A ’winningly offbeat and unexpected’ dark comedy from Quentin Dupieux.
Dir/scr: Quentin Dupieux. France. 2019. 77 mins
Clothes maketh the man and dictate his increasingly unhinged actions in Deerskin (Le Daim). Writer/director (and DJ/musician) Quentin Dupieux has past form with fetishistic mayhem (Rubber, etc) and successfully transforms a quirky premise into an enjoyably off-the-wall combination of black comedy and soulful character study. The stellar presence of Jean Dujardin and Adele Haenel should help to carry the film beyond cult/curio status - it opened Directors’ Fortnight in Cannes in 2019 - towards more mainstream acceptance.
Soon, man and garment have become so intimate that they are having conversations
Deerskin begins with the simple purchase of a garment. Georges (Dujardin) is delighted to spend a small fortune on a vintage, Made-in-Italy, 100% deerskin jacket. It is the kind of jacket that might have adorned a macho hero’s broad shoulders in a 1960s western. It is also the first step in a Patricia Highsmith-style process of reinvention where Georges cuts the ties to his past and embraces a newfound freedom.
Taking up residence in a remote country hotel, the now penniless Georges decides to declare himself a filmmaker. The seller of the jacket threw in a digital camera with the purchase and so Georges starts to document his daily life. The alluring, fully intact fringe on his jacket makes for a favourite subject. Soon, man and garment have become so intimate that they are having conversations. Georges befriends local waitress and aspiring film editor Denise (Adele Haenel) whose enthusiasm forces him to make good on his boast that he is shooting a film in the area.
Dupieux manages to sustain credibility and an air of unpredictability as he leads the viewer through a series of improbable developments. Are we witnessing a form of mental breakdown or are the seeds being sewn for an “origins” portrait of an implacable serial killer? There are all kinds of hints and teases for movie buffs with echoes of Dead Of Night (1945) or Peeping Tom (1959) in Georges’s relationship with an inanimate object and his desire to record his lethal actions.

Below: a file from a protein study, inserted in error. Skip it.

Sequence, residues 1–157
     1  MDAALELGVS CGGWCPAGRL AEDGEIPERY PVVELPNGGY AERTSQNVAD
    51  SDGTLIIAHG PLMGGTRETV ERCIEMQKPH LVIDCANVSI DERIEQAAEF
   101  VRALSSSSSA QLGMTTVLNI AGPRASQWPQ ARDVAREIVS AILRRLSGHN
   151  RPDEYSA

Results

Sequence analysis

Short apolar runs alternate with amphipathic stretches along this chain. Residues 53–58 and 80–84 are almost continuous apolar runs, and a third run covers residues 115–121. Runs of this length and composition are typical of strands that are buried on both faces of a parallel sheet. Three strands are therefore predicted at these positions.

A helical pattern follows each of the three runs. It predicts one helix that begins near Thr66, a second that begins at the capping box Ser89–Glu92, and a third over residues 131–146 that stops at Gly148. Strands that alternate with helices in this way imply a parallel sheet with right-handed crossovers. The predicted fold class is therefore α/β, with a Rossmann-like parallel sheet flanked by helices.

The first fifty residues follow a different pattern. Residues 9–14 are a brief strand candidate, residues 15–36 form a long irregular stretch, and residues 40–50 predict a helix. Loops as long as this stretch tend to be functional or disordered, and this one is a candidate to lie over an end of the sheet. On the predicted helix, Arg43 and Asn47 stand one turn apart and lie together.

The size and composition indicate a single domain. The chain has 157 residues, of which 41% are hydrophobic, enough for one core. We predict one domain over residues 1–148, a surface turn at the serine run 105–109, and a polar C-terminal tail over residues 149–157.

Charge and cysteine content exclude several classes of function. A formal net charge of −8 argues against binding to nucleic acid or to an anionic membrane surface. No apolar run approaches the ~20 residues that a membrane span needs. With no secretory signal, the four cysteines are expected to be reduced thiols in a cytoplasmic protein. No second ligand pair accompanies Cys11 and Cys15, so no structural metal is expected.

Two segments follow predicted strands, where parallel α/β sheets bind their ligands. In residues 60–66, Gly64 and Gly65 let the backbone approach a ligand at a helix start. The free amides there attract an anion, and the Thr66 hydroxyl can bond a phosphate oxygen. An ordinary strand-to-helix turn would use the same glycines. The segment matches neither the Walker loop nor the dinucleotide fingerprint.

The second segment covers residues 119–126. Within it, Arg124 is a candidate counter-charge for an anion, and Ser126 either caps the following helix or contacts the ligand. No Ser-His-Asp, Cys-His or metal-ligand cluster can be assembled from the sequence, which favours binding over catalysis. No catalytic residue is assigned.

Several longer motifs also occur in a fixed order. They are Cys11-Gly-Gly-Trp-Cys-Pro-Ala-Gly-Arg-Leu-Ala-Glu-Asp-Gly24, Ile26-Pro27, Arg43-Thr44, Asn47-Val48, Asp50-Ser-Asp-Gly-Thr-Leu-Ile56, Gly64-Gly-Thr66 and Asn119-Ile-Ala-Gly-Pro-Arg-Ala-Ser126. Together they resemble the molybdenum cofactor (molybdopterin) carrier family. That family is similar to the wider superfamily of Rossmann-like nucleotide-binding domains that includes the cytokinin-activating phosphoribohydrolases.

The jacket has a dream of being the only such garment in the world and Georges is equally keen to become the only person on the planet wearing such a garment and displaying his “ killer style” . He is transformed into a man on a mission to rid the world of jackets and their wearers by any means necessary.
Deerskin turns towards the violent but remains marbled with dark visual and verbal humour. Jean Dujardin maintains an admirable sang froid throughout, giving Georges the courage of his convictions and grounding everything in a sense of reality. He has the charm to win the trust of those he encounters and never overplays the obsessive elements that start to govern Georges’ life. He brings a great understated relish to the character’s appreciation of a buckskin wardrobe that grows to include trousers, a hat and a snug pair of fighting gloves. Offered a cheaper alternative by a sales assistant, he loftily demands: “Do I look like a synthetic guy?”
Adele Haenel is a game presence as Denise, adding some snap to the banter with Georges, and it is entirely believable that her character is far less gullible than she might originally appear.
The modest running time of Deerskin (also something of a Dupieux trademark) means that it does feel a little slight and underdeveloped in places. However, there are enough sparks of originality and comic invention throughout to capture those in search of something winningly offbeat and unexpected.
Production companies: Atelier De Production, Arte France Cinema, Nexus Factory, Umedia, Garidi Films
International sales: WT Films firstname.lastname@example.org
Producers: Mathieu Verhaeghe, Thomas Verhaeghe
Cinematography: Quentin Dupieux
Production designer: Joan Le Boru
Editor: Quentin Dupieux
Main cast: Jean Dujardin, Adele Haenel, Albert Delpy, Coralie Russier